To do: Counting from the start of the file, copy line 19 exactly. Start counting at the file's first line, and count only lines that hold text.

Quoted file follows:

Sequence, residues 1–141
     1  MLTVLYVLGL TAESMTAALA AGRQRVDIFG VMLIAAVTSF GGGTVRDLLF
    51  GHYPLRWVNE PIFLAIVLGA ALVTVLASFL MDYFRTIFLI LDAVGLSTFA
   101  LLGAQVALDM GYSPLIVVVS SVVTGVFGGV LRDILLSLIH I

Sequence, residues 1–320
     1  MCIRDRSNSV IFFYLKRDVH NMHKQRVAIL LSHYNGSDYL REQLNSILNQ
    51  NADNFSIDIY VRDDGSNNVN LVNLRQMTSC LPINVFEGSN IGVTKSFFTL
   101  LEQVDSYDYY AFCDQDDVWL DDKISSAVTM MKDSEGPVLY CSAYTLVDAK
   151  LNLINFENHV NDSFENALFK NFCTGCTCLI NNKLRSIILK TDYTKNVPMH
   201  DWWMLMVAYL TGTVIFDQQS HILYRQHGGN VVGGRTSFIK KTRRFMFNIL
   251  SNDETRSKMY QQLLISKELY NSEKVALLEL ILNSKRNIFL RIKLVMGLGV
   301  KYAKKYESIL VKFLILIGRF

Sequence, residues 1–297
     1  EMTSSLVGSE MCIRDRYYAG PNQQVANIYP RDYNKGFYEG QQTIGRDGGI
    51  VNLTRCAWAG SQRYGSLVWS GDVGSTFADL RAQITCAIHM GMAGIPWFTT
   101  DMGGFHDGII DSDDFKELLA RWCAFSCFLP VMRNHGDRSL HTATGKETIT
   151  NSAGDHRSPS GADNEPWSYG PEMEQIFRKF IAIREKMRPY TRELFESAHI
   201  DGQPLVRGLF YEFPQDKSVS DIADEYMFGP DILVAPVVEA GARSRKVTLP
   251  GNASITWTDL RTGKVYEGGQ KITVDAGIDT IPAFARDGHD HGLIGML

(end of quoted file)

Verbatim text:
   251  GNASITWTDL RTGKVYEGGQ KITVDAGIDT IPAFARDGHD HGLIGML